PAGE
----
National Identity In Canada

708 Words3 Pages

Canada has a very rich history, despite being a younger country than most. This history constitutes many different methods, good or bad, that Canadians have tried in order to develop a significant national identity. For instance, Canada played an important role in both of the World Wars in attempts to establish a distinct national identity on the global stage. After World War Two, Canada joined the United Nations and began performing peacekeeping missions to provide aid to countries, thus creating a new facet to the Canadian national identity. However, Canada has also used unjust methods, such as establishing residential schools as a way to assimilate the First Nations into the government’s idea of what Canadian national identity should be. …show more content…

These identities existed long before Canada officially became a country, by political standards, 150 years ago. While First Nations are legally considered Canadians, the opinion on their national identity understandably differs between Aboriginals due to the unfair treatment of Aboriginals by the Canadian government. The First Nations’ collective identity has been deeply affected by the long history of violence and assimilation committed against them through genocide, unfair treaties, forcing them onto reservations, and residential schools. Nowadays, most post-secondary institutions offer courses on Aboriginal Studies to spread knowledge about Aboriginal culture as an integral component of Canada. Aboriginals can be considered a nation within Canada, similar to Francophones. Quebec is a very unique part of Canada, as its citizens mostly speak French compared to English. Quebec is such a unique community that it is widely debated on whether it should be its own nation-state or not. Francophones were once, and may still be, considered to be treated unfairly by the Canadian government. Canada made a huge step in equalizing Francophone identities and English-Canadian identities with the Official Languages Act that officially made Canada a bilingual nation-state. The relationship between the French and English languages is a central defining aspect of the Canadian …show more content…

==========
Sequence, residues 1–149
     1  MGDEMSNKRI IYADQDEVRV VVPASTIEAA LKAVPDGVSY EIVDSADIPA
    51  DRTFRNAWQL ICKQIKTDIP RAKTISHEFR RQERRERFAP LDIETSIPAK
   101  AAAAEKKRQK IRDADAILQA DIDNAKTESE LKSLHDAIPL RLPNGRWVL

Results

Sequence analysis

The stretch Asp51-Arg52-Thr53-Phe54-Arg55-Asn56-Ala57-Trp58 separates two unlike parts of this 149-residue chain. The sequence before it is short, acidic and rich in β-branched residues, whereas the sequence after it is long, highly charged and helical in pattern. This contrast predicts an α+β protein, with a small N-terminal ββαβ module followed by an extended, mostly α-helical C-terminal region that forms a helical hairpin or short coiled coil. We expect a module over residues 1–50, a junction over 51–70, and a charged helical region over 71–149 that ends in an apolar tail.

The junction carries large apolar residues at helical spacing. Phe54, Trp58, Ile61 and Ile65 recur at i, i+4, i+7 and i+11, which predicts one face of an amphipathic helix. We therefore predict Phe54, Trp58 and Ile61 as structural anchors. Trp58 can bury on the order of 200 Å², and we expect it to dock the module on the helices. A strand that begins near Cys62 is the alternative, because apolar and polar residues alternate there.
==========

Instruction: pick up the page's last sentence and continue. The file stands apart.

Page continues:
Many Albertans believe that the Canadian government has treated them as more of a source for resources than an equal part of Canada. The government regulation of Alberta’s oil prices was seen as an unfair policy to protect Eastern Canada in spite of Alberta. Moreover, Albertans are upset that Alberta has less political power due to its population size. Nevertheless, Alberta is still an important part of Canada as Canada’s energy province and containing Banff National Park. Immigrants are also an important group to consider when defining Canada’s national identity as a multicultural nation. Canada has been taking immigrants and refugees for hundreds of years and will hopefully continue to do so. Each immigrant has a unique understanding of Canadian national identity as each is incorporated with different foreign cultures. Many immigrants value the freedom, rights, safety, and security that Canada provides them with. The Canadian opinion on migrants is mostly positive as this country was built and strengthened by immigration. My own parents immigrated to Canada in 1998 and my family is incredibly grateful that they did. Canada has offered my family so many opportunities that would not be available had my parents stayed in South Africa. I define Canada’s national identity with ideas like “multiculturalism” and “internationalism”

Show More

More about National Identity In Canada

Open Document